I finally wrote back to him, one night when I thought I might have to call the police. My parents had gotten into another fight over their formerly shared belongings, and dad had smashed mom’s treasured Gilderoy Lockhart commemorative plates. I got out a parchment and quill and told Percy Weasley to come get me as soon as he could. Love, Penny, I signed.
Percy arrived at my window three nights later in a big blue car he’d stolen from his father’s workshop, nervous and sweating, but breaking all those laws for me. Percy knew every spell in the world—he was a far better caster than I was. He put an invisibility spell on the flying car, and later on the two of us, and we crept inside a Muggle concert hall, watching a 200-piece orchestra play from the lighting booth above the theater. Percy said he loved this kind of music, and smiled at me, and I kissed him because he was my hero then.
We had a weekend to remember, and I let myself be totally absorbed in someone else for the first time in awhile. He was so trustworthy, and loyal, it blew me away that he was even human. But he was human—that I knew. I don’t think anyone had even kissed Percy Weasley before me, and I used to send him into dizzy spells just sitting in his lap and playing with his hair.
The next year I got frozen by some sort of snake creature—I don’t remember it very well. But I had secretly been dating Percy all year, and we’d gotten pretty close. I didn’t want anyone to know yet—mostly I was afraid that Lee would pick on him non-stop if he knew. Not to mention the twins. And Percy was reluctant about letting the truth come out, too. I knew he wasn’t ashamed of me, but somehow I think his pride would have been damaged if everyone knew he had a weakness for a leggy blond Ravenclaw girl.
Well, he couldn’t keep it a secret forever, and in the end neither of us minded. The world did not end when everyone found out that we were dating. My mum even let me take him on holiday with us to Switzerland that summer. It was an odd sort of place to be in July, and I remember the trip in a haze of numb-lipped kisses and laughter-inducing spills in the snow. Percy helped me survive the horror of my mother’s new boyfriend.
During our seventh year Percy was changed, different. He was still a fool for the rules, still ragging on his brothers all the time for having no work ethic. But with me he was different. He had this look—and I knew I was in for it big time, cause he would want to marry me once he found a job. And I just didn’t want to marry Percy. I wanted to keep him forever my secret, like I had in our sixth year, and hide him in my pocket, petting his head from time to time to make sure he was still there. I was only 18—anything else would have frightened me.
Percy would take me into Hogsmeade for the weekend, and sometimes even to Cambridge, where we’d stay by the lake and lie in each other’s arms forgetting everything else. That was when I loved Percy—quiet and lazy beside me, without his glasses, close to my face where I could see his cute little freckles. I loved him for being not so frantic only around me. I was his down time, where he could relax and not try so hard to impress everyone.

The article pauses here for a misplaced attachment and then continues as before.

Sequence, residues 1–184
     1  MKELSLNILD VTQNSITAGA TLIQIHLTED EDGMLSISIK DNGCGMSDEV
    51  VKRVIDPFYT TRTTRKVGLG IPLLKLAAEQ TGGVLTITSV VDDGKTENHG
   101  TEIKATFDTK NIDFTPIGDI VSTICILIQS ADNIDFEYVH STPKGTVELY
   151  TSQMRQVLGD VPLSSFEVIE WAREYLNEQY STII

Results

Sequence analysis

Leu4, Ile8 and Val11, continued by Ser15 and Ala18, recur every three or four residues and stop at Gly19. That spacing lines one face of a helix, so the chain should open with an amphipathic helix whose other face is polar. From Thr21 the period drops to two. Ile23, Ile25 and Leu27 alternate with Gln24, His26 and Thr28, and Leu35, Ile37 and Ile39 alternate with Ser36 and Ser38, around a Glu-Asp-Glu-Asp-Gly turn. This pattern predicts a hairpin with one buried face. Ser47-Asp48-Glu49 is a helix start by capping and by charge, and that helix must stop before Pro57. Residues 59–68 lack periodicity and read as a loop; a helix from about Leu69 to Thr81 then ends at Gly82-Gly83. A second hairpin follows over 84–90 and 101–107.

I used to wear his too-big cotton jacket with the huge buttons, and let the sleeves fall over my hands, let Percy hold me and push my hair out of eyes, thinking, This is how I want it to be, always.
But after graduation things got different, as I knew they would. Percy was trying desperately to get the best job possible for a wet-behind-the-ears kid just out of school, and meanwhile trying to hold onto me for dear life. For me, it was when I could finally see the whole wide word stretched out before me. And it was all mine—I had graduated with honors and somehow I felt I could do anything.
Percy did persuade me to move in with him for a while, and I saw what kind of husband he would be. With Percy there was a place for everything and everything in its place. A call to his mother every Wednesday, breakfast in bed on Sunday, friends from work over each Friday night. His life was so scheduled and comfortable, I grew to hate it where I once loved its security.
When we were 19 he took me out to a big restaurant near the Thames in London, and I knew what I was in for. I was wearing the most delicate and beautiful dress, but I was sweating like crazy because I didn’t want to break his heart. But I wasn’t going to get married simply for not breaking his heart.
" Penny," he looked so nervous, and I wished I could have a clone of myself—one to marry Percy for me so he could always have the part of me that loved him. " I’ve been thinking a lot about the future…" he twirled his wineglass, and we were too young to drink but nobody asked.
" You’re always thinking about the future," I chirped with a phony cheeriness.